According to KPMG research, 80 percent of revenue growth in 2022 will hinge on digital offerings and operations. The actions you take today and in the short term, as economies recover from COVID-19, will have long lasting implications. Simply going back to the way things were will not be enough.
In my earlier example, using the cafe drive through has attracted me back to the restaurant and has opened the door to new avenues for the business to create value to their customers. Should this convenience disappear at the end of this crisis and the company revert to it’s old way of working, it is highly likely that I will not visit the restaurant again in the next 12 months and an opportunity for expansion will be missed by the business.
Think of your own behavior during this crisis. How easy has it been to adjust to remote working, constantly ordering groceries and household supplies online, receiving deliveries at your door and paying bills online? We are all continuing to live relatively “normal” lives without having to leave our couch. This change is mirrored in the business world, with businesses now realizing that remote working, remote meetings and virtual interactions are not as disruptive as previously perceived. A recent conversation with a large U.S. corporation had them reflecting on how easily their staff settled into remote working and led them to question their medium-term real estate footprint.
In fact, COVID-19 has accelerated the transformation in the way we conduct business and has created “a new normal,” which we are starting to realize may be more valuable than how we were previously working.
In a recent conversation with a partner of an accounting firm, he stated that 3 weeks ago he would have been strongly against any of his employees working remotely (unless urgently required). After recently being forced to have his entire firm work from home, he was surprised to see zero change in productivity, a smooth transition into virtual meetings and interactions (with both staff and clients), and he noted that billable hours had actually increased.
Phillippa Lally, a health psychology researcher at University College London, in a study published in the European Journal of Social Psychology, found it takes just 66 days for new behaviour to become automatic. Many of the positive changes we have had to make will stick.
Transform to survive
Digital transformation has moved from a smouldering or burning platform to a burnt one. The anticipation of disruption has been replaced with the reality of disruption and what were digital strategies into digital imperatives. From protecting our health and safety, to building resilience, as well as engaging with customers and employees – all while maintaining scale and reach. Given the ever-changing dynamic of today’s world (highlighted by current events), planning and investment efforts must be re-evaluated and refocused to build greater responsiveness into the business.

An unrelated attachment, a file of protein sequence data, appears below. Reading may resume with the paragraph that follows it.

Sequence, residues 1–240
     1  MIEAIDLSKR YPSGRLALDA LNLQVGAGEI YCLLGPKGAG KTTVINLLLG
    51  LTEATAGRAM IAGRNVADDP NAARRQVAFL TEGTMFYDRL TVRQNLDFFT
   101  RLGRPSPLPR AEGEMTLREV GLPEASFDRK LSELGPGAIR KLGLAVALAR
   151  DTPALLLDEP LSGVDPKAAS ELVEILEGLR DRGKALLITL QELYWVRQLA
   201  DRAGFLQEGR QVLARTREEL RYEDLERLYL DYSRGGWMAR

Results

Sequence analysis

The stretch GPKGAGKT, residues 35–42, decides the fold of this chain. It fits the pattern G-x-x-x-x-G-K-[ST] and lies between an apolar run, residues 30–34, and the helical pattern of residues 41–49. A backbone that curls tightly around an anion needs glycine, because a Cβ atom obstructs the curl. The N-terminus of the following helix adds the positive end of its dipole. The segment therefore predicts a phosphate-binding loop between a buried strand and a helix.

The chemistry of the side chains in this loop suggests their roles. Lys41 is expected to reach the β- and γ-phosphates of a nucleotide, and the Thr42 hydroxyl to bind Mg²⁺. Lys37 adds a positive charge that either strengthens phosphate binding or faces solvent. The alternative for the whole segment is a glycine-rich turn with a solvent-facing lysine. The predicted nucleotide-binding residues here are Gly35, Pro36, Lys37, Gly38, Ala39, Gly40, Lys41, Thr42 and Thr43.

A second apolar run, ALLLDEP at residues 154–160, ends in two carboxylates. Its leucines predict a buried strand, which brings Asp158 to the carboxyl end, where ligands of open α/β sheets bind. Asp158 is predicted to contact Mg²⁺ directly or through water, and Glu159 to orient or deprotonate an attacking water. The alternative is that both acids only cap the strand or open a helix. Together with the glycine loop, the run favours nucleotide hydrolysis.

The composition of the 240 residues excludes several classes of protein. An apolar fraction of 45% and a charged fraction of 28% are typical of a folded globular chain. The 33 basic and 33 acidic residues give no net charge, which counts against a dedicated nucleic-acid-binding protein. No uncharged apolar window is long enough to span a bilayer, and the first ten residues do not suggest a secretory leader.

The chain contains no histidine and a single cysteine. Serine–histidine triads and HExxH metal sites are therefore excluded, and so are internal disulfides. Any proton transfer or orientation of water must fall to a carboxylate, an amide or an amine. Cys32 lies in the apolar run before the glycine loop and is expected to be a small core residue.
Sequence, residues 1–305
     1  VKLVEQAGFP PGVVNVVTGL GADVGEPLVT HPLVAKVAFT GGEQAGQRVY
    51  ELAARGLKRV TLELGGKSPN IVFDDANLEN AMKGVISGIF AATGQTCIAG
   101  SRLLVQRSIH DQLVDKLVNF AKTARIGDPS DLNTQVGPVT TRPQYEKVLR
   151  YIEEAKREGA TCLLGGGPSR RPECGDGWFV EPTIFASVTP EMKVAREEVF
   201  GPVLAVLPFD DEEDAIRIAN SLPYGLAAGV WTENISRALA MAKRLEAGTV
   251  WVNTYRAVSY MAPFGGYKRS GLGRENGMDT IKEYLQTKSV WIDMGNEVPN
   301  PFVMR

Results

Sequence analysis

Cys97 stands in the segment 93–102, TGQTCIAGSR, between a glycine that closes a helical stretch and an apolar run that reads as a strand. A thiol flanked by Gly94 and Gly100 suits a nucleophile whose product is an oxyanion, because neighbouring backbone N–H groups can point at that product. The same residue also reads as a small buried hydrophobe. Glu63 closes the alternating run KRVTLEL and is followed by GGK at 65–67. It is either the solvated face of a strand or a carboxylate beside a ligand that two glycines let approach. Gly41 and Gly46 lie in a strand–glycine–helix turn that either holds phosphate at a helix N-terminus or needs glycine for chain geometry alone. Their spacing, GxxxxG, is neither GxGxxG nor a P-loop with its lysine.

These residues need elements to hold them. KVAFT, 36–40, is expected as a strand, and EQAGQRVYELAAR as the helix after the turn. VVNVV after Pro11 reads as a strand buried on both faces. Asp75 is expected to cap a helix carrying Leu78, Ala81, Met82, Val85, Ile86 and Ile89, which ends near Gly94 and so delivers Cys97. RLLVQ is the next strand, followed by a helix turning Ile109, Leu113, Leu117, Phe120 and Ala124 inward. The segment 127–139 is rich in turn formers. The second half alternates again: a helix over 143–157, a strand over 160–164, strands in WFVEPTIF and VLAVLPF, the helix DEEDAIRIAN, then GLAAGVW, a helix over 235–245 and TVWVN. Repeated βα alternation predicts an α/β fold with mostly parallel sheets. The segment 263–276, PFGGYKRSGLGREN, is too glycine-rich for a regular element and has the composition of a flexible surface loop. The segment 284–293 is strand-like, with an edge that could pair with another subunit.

Now is the time to reallocate funds, instead of hoarding short-term savings made through cost-reductions in travel, physical facilities and various operational costs, and to use these funds to invest in technology, which will create more sustainable benefits for the future.
What can you do now?
Of course, for many, the short term focus is on survival and on your people, as it should be. Cost containment is prudent and many initiatives need to be wound back or stopped, but you must keep going with the work that will enable your future. Here are a few initiatives to consider:
In the book, Digital Transformation Gameplan, we talk about the simplified operating model and how this makes decisions more obvious, the constraints to its adoption and the technology enablement that will accelerate your business strategy. This current crisis validates, more than ever, the need for the simplification of how you deliver value, the courageous decisions to be made to remove the largely political constraints that are holding you back and the enormous opportunity presented by modern technology approaches when it comes to you achieving your business goals.
Take the time now, while everything is disrupted and anything is on the table, to rethink and reimagine what your transformed organization could look like. Refrain from just going back to where you were when the turn around comes. Move from a ‘if it isn’t broke, don’t fix it,’ to a ‘if I didn’t need it in a crisis why put it back,’ mindset.